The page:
Stephen Bancroft is an an Electrical Engineer and Computing expert, he has over twenty years experience with internet based technologies and has worked extensively with live sound and broadcast. He is currently writing technical articles exclusively for VEA.

Apr 13

Zoom Video Conferencing

ZOOM VIDEO COMMUNICATIONS LOGO

Recently there has been a bit of excitement in our community regarding using Zoom Video Conferencing as a gateway to reach potential audience that may not have invested in a full suite of Standard Based (H.323) v/c kit. Think of Zoom as Skype on steroids! You can set up a meeting, invite guests, and have them connect simply through their browser. There is no complicated software to install and everything works through the browser without having to install additional software, which is great for companies which have restrictions on such things.

On of the most exciting things for us is that Zoom is free, so anybody you invite to a meeting can use it. And the fact that they provide what they call a H.323 Room Connector. This optional extra can be purchased for a small price of $US49/mo and enables H.323 video conferencing units to join the meeting. Which finally means that we can connect all our v/c units and users together in one big conference!

This all sounds fantastic but there are a few caveats that you should be aware of. Firstly you need to know that DART has (for the moment) put a ban on using Zoom to dial directly into their system. The main reason for this is that the connection that Zoom creates is forced to a connection speed of 6 megabits per second. This is far to fast for DARTs front end points and causes congestion and high usage, resulting in poor experience for other users on the network. To work around this you will need to dial directly into Zoom using your H.323 device so as a result means that it is unusable with DET schools as you need to use DART to connect to them. However as you will read I have been able to work around this using two H.323 devices.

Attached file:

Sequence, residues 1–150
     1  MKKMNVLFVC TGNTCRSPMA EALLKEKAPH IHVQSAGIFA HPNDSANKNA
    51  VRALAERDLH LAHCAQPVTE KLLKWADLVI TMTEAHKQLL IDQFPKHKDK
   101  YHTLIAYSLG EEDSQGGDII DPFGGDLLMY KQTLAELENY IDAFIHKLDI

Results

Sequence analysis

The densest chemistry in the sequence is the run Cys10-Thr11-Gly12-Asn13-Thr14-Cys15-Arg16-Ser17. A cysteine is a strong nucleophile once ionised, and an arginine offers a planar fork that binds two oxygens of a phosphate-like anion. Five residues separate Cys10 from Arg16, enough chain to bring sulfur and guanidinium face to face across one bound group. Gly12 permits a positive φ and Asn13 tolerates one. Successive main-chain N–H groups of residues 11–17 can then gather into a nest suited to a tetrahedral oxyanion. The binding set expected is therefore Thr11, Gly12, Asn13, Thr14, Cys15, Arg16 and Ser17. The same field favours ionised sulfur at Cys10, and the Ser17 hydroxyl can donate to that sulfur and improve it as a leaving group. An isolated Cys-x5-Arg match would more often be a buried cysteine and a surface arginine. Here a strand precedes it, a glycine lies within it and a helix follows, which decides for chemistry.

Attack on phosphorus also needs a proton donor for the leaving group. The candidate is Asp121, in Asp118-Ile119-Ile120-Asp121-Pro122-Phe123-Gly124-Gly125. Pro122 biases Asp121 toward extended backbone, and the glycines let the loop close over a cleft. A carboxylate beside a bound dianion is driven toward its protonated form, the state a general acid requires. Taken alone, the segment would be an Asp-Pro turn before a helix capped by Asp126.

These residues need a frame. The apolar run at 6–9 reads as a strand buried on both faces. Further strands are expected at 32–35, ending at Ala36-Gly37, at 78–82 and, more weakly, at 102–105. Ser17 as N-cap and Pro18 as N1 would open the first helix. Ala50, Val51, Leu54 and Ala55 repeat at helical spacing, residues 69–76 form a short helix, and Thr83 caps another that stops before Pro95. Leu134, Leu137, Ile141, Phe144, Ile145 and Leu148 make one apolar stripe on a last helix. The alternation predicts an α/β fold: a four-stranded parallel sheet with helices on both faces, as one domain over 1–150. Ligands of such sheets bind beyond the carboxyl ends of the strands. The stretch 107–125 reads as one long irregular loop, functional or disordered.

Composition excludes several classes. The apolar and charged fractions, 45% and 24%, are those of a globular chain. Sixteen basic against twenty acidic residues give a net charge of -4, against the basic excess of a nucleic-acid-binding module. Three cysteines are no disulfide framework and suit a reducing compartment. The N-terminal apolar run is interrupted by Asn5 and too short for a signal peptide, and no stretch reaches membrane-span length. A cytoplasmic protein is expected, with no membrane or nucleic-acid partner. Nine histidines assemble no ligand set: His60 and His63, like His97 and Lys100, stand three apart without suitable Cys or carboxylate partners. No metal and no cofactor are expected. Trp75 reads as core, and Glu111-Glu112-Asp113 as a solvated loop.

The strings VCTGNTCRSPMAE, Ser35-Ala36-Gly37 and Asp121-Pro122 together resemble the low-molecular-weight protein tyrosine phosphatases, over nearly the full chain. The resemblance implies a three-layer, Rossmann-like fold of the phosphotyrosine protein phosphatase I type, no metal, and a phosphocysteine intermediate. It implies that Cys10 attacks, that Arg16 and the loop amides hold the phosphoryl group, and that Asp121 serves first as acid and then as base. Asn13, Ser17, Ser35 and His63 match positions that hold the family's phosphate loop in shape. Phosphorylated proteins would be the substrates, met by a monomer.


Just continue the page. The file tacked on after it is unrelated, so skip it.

Secondly, unless your guest using the H.323 room connector and a standards based v/c unit, then they will be using their computer which mean they will also be using the webcam and microphone which is included. Generally these built in devices are fairly cheap and are designed to work with just a single person not an entire room of people, so depending on your application the results not be acceptable.